|A spread from Ilsong (from left): Stir-fried squid, stir-fried octopus, Jurassic Park sushi, pepper calamari, and ban chan.|
| Ilsong Korean |
B-B-Q and Sushi
6905 Blanco Rd.
Oh, the food is still good, but it’s clear that the Queen would like to reign over more than a bulgogi and buckwheat-noodle palace. In fact, we found no buckwheat noodles, ice-cold or otherwise, on the menu. What we did find, in addition to several Japanese specialties, was a section titled “Chef Young’s Ultimate Menu for the Discerning Palate” with prices ranging from $18.95 for sweet-and-sour fish to $34.95 for the Ilsong filet mignon “marinated in Chef Young’s famous sauce and broiled over an open flame. Exquisite!!” It will take some time, we suspect, to convince the serf sorts to pay $35 for an entrée, no matter how exquisite it may be, in the context of an Asian restaurant. All those years of cheap Chinese food have simply ruined us.
Paradoxically, we are used to paying big bucks for small servings of sushi. That menu is extensive at Ilsong, and we tested it at both ends of the spectrum — a modest kampyo maki with a center of sweet squash ($3.50) and a more elegant eel combo roll ($10.95). The makimono was satisfying in a peasanty sort of way; you did have to strain to taste the squash — especially after dipping the nori-wrapped cylinder in the usual soy with wasabi. The imperial eel roll was another matter; the California center with avocado, surimi, and cucumber rolled in rice came robed in savory-smoky eel and napped with a sweet but sultry sauce. It was opulent and, yes, exquisite.
The appetizer section, which includes both Korean and Japanese items, next tantalized with the likes of Dragon Balls (the mind boggles) of lightly spiced tuna and Tiger Eye, a concoction of fried, seaweed-wrapped squid, but we balked at the $11.95 price tag. Peppered calamari, battered squid “tossed with fresh green and red chili pepper, salted,” seemed a reasonable compromise at $8.95, but the more telling compromise was in the pepper, the chili, and the salt: there seemed to be none. We had been expecting a more challenging version of the now knee-jerk fried calamari with marinara sauce, but found only a few pieces of diced red bell pepper in a bed of shredded lettuce. A bowl of soy-inflected broth was presented, but it did little to enhance the squid — admittedly tender and properly fried.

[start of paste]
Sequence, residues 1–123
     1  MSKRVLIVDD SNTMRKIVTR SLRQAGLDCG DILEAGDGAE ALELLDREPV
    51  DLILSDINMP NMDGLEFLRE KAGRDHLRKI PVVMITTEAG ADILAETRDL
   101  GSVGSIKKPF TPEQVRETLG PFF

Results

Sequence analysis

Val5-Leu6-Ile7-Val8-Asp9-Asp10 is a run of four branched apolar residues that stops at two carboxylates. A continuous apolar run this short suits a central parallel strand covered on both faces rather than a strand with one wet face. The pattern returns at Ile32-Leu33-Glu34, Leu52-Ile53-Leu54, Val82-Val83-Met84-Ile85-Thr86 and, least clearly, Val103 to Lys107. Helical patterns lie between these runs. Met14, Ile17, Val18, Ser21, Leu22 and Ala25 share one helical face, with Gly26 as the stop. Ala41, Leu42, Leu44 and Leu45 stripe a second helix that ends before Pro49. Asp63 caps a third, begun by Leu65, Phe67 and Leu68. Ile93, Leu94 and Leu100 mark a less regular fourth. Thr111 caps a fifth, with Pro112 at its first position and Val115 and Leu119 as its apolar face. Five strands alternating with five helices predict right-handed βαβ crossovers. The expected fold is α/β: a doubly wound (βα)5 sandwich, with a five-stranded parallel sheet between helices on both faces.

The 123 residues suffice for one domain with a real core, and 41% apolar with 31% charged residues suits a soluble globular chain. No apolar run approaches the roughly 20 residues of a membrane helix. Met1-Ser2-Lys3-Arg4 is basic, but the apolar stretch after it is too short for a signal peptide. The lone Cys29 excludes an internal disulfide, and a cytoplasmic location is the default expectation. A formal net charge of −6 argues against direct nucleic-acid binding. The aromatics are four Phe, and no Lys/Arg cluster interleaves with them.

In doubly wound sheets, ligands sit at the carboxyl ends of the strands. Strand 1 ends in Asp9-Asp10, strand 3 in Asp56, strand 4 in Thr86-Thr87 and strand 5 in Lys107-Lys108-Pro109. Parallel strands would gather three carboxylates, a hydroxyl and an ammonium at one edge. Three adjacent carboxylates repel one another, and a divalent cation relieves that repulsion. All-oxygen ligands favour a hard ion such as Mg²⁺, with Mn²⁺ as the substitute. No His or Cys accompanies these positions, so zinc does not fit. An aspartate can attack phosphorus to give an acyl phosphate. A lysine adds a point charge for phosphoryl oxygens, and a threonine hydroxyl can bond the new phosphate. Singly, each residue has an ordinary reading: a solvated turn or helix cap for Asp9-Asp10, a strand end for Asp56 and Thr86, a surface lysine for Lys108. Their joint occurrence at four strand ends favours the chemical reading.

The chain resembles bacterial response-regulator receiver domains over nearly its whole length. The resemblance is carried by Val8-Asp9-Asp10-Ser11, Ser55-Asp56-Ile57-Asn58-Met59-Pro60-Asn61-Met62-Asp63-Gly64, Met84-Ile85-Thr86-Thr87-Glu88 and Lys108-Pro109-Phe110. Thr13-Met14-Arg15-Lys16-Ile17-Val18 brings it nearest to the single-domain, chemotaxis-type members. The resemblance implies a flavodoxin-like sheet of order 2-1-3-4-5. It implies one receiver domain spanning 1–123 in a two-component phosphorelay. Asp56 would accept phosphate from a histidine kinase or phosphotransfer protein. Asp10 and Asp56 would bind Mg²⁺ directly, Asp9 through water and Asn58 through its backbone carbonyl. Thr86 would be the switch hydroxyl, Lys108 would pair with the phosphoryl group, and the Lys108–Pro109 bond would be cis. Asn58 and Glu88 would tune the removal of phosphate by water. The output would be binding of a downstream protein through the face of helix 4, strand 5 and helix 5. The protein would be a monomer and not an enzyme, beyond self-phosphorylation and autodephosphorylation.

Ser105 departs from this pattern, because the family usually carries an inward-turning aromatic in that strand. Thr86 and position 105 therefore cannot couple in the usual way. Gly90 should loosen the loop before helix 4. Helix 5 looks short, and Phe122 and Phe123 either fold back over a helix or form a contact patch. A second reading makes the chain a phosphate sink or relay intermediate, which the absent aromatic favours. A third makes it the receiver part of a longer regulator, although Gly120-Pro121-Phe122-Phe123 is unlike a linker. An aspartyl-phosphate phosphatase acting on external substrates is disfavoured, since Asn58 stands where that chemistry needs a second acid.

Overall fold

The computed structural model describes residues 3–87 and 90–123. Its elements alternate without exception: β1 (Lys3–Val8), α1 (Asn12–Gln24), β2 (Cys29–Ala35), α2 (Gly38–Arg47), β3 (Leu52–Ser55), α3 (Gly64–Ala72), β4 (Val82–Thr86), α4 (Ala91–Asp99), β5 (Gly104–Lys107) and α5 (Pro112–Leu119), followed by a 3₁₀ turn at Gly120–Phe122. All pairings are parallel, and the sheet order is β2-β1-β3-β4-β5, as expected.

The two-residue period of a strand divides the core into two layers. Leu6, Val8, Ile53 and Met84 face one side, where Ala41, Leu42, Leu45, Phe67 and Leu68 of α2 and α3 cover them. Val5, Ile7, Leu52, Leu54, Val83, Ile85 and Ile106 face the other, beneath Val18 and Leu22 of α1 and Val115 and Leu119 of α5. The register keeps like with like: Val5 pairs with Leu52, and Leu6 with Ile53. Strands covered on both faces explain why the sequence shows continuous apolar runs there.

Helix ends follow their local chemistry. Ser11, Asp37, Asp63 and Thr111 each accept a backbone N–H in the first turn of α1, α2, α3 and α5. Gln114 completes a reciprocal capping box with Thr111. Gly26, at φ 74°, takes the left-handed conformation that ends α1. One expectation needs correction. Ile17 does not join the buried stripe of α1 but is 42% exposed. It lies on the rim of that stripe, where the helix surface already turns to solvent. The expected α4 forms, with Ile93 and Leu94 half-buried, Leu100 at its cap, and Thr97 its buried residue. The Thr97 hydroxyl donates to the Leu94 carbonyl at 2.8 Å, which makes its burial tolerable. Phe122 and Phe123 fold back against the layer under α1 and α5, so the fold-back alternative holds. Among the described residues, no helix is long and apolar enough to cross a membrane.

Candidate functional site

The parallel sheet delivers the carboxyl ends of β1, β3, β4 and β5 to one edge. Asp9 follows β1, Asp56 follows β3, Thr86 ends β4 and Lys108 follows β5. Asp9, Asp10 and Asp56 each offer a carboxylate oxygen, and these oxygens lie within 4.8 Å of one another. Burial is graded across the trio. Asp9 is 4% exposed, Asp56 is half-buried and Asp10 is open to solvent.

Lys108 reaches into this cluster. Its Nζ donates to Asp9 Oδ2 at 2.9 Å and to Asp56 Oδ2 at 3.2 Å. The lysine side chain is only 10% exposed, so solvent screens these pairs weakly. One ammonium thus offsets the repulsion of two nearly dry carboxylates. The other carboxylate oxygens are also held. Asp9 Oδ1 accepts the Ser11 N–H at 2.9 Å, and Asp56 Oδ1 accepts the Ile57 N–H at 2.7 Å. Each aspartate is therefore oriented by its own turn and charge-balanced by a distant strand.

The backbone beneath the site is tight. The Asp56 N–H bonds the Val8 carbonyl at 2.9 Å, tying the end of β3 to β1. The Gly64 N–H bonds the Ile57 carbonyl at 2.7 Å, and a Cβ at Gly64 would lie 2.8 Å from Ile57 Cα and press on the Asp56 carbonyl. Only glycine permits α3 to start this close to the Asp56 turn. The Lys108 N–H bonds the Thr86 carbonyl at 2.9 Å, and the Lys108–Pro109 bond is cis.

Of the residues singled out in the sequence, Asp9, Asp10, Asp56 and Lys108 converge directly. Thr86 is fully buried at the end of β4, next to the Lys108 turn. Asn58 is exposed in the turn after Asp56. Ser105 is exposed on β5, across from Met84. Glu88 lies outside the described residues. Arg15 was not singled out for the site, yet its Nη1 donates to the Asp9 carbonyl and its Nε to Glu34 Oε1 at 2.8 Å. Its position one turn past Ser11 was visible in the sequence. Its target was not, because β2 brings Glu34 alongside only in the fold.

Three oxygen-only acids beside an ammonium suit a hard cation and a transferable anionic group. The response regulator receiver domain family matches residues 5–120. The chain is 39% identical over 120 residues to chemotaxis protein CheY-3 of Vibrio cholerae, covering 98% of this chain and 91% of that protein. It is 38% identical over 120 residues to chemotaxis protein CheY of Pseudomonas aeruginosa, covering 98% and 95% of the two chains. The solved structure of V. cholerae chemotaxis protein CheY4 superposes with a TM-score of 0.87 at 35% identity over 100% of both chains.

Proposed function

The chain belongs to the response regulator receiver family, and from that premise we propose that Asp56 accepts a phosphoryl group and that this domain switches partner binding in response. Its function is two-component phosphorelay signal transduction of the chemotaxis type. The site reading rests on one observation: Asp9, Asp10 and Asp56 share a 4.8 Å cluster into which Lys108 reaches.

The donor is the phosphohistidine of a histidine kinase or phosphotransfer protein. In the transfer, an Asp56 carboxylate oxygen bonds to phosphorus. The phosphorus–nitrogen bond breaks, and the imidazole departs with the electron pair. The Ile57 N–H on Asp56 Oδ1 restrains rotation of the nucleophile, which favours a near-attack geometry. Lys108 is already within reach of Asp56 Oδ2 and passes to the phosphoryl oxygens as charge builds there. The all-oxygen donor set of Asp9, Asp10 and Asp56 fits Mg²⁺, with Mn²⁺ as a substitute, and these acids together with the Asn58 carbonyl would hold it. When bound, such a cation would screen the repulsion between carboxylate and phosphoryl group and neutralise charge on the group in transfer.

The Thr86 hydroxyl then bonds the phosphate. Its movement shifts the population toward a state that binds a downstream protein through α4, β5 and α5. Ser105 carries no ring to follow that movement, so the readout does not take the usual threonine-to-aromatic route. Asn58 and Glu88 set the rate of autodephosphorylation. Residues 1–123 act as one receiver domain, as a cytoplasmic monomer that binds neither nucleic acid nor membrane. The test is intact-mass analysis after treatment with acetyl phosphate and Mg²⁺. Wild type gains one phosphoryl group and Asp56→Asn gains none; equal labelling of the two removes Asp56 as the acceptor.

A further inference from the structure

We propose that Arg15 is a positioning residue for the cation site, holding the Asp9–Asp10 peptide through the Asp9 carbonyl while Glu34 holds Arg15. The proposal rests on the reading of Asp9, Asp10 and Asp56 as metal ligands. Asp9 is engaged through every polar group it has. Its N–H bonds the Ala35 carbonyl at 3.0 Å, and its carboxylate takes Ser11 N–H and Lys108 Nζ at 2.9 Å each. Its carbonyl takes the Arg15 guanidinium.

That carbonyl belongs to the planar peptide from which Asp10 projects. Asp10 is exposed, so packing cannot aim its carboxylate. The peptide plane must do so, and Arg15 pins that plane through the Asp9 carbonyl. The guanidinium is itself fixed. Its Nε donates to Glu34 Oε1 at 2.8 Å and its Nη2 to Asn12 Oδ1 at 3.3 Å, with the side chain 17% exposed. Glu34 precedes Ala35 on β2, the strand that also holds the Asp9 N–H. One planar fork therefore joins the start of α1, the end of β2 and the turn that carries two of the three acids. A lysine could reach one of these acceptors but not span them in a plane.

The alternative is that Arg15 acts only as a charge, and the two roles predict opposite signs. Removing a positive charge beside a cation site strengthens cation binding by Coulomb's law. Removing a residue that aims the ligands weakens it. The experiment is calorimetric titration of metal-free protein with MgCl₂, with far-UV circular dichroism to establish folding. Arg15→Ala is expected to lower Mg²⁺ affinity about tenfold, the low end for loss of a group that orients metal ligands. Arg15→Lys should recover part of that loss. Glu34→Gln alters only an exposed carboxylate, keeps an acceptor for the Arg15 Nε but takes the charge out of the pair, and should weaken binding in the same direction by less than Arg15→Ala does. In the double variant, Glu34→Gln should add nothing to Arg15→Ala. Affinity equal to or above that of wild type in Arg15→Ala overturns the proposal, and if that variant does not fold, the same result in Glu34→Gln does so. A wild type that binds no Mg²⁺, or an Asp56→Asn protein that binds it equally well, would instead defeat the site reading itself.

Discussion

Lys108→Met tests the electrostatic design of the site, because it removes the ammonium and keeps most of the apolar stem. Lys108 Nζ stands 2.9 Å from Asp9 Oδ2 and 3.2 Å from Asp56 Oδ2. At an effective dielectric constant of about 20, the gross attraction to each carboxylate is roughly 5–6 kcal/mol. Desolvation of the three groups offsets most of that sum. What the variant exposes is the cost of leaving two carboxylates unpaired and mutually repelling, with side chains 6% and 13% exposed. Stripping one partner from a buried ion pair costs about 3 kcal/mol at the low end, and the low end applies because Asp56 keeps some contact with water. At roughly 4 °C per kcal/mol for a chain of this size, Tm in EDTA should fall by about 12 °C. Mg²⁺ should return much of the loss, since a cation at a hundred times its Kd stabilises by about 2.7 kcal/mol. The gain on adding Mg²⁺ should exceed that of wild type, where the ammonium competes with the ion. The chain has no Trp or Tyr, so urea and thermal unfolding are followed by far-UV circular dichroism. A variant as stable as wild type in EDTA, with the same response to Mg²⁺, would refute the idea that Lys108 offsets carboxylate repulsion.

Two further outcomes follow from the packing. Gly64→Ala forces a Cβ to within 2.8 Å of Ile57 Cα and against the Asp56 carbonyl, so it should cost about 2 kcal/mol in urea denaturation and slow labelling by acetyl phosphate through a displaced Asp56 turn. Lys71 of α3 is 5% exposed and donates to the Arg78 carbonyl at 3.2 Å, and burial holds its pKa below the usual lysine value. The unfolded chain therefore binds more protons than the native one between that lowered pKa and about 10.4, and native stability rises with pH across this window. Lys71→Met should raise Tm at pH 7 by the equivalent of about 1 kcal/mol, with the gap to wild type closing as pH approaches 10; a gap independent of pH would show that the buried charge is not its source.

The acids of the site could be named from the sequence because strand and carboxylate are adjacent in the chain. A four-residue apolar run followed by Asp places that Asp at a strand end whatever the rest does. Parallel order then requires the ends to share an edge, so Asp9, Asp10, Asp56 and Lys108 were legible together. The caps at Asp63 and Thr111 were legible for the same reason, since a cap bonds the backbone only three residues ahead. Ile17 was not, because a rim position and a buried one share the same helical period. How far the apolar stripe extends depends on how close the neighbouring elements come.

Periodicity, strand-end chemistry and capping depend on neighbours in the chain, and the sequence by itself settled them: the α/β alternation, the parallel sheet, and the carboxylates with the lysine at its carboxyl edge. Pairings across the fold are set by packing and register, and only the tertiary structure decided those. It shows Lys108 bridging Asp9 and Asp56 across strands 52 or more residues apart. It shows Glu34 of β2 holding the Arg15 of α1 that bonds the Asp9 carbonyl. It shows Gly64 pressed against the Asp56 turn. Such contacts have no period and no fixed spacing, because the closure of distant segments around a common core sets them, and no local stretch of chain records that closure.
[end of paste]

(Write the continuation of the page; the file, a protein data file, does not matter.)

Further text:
Upon ordering the Soybean Paste Soup, called “a spicy blend…,” we were confronted by the waitress with a challenging “Have you ever tried that before, sir?” query. (Service, by the way, is knowledgeable but somewhat disorganized.) So naturally we expected this one to be blazing, but there’s both more to it than meets the eye — and less. Stocked with shell-on shrimp, tiny scallops, a clam, and slabs of tofu, not to mention vegetables aplenty, the rich broth was perfectly pleasant, even exceptional, but spicy only in the latent, creeps-up-on-you sense. Hardly a barn-burner, especially with the creamy tofu mitigating any untoward heat.
The two chenin blancs we had brought to taste for an upcoming Value Vino article finally got a workout with an entrée straight from our old favorites list at Go Hyang Jib, the spicy stir-fry octopus served “on a sizzling platter.” The sizzle was subdued, but the octopod was plentiful, just al-dente enough and handsomely enhanced by its entourage of carrot, zucchini, and the like. And it was truly spicy. At last. We loved it, and so did both the relatively restrained ’05 Dry Creek Dry Chenin Blanc and the more exuberantly floral Pacific Rim 2004 chenin from Bonny Doon, for whom exuberance is a mantra.
We couldn’t leave, of course, without trying at least one selection from the Ultimate Menu, and Chef Young’s Choice Bulgogi got the nod; we had to find out if it was worth paying $19.95 for “prime rib-eye seared over an open flame.” (The standard version is not substantially lower at $16.95, but there’s a lunch special at $7.95.) Despite some beautiful accompanying vegetables, including asparagus, the short answer is no. Though the meat is exquisitely tender and generously portioned, any perceived taste benefit is overshadowed by the powerful, plentiful sauce, and we left feeling that the less-regal dishes still ruled — and that includes the common but copious pan chan brought to the table in advance of Korean entrées: Slices of fish cake, dried squid with a syrupy glaze, pickled daikon and lusty kimchee … bring ’em on, then bring ’em on again. I’d rather eat pan chan than cake any day.
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